54 I.Epidemic diseases I.Common epidemics in Rome and China: smallpox, measles, bubonic plague II.It was very easily spread along the Silk Road because of trade at ports and docks III.Roman empire: population dropped by a quarter from the first to tenth century C.E. IV.China: population dropped by a quarter from the first to seventh century C.E. II.Effects of epidemic diseases I.Both Chinese and Roman economies contracted II.Small regional economies emerged III.Epidemics weakened Han and Roman empires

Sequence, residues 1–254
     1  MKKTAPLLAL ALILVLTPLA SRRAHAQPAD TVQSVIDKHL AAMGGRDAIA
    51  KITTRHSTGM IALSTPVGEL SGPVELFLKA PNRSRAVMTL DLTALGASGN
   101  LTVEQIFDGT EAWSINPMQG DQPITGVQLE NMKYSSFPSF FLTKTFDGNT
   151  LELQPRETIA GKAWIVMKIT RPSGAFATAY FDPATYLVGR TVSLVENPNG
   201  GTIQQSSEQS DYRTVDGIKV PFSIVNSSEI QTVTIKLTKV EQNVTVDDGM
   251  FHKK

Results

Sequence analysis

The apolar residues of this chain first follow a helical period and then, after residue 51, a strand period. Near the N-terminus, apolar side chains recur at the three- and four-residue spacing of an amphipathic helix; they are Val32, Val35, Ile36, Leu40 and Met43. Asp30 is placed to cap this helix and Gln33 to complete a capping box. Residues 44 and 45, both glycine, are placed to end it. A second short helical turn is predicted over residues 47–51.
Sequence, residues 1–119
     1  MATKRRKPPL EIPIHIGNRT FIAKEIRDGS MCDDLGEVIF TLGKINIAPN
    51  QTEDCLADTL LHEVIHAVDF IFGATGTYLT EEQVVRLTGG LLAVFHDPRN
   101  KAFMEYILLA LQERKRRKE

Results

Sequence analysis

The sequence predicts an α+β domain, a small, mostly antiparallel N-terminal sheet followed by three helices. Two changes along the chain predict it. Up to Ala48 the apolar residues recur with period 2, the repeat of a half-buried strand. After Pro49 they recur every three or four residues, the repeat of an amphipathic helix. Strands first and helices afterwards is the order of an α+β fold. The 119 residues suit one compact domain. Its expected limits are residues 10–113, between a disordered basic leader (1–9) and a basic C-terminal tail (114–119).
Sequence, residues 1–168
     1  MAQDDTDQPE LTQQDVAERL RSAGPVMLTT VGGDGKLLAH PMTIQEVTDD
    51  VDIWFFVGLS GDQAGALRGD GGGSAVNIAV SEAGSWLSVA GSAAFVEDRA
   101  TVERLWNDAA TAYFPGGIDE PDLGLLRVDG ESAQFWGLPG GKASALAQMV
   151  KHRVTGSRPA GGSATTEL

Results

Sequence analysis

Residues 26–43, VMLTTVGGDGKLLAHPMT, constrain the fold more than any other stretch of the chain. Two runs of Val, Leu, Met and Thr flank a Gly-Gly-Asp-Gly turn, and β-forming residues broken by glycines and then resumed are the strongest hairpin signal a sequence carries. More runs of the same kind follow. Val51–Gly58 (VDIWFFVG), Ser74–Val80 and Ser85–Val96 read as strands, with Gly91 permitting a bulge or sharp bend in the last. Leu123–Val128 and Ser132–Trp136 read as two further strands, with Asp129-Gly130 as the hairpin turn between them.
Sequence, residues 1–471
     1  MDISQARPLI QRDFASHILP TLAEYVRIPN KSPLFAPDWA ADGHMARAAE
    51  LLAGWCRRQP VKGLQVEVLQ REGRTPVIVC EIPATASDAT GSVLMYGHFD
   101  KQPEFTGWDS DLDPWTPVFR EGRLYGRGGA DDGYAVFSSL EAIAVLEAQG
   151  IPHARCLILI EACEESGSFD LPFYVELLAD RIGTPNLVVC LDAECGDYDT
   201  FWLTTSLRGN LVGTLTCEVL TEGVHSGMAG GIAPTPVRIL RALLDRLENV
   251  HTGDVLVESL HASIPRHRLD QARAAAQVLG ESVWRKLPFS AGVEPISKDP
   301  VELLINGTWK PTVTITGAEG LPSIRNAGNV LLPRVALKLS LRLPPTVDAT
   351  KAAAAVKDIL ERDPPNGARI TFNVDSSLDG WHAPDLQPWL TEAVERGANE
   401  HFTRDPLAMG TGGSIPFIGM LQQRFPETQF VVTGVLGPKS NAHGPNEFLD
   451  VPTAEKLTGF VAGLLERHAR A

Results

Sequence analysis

55 I.Internal decay in the Roman empire I.The barracks emperors: series of generals seizing throne ( C.E. II.The emperor Diocletian ( C.E.) I.Divided the empire into two administrative districts II.A co-emperor ruled each district with the aid of a powerful lieutenant III.The emperor Constantine and new capital Constantinople II.Germanic invasions and the fall of the western Roman empire I.Germanic migrations from northern Europe to eastern and northern part of Roman empire I.Visigoths--settled agriculturalists; adopted Roman law and Christianity II.Roman authorities kept Germanic peoples on the borders as a buffer II.The Huns under Attila attacked Europe mid-fifth century C.E. III.The collapse of the western Roman empire I.Under the Huns' pressure, Germanic peoples streamed into the Roman empire II.Established settlements in Italy, Gaul, Spain, Britain, and north Africa III.Germanic general Odovacer deposed the Roman emperor, 476 C.E. IV.Imperial authority survived in the eastern half of the empire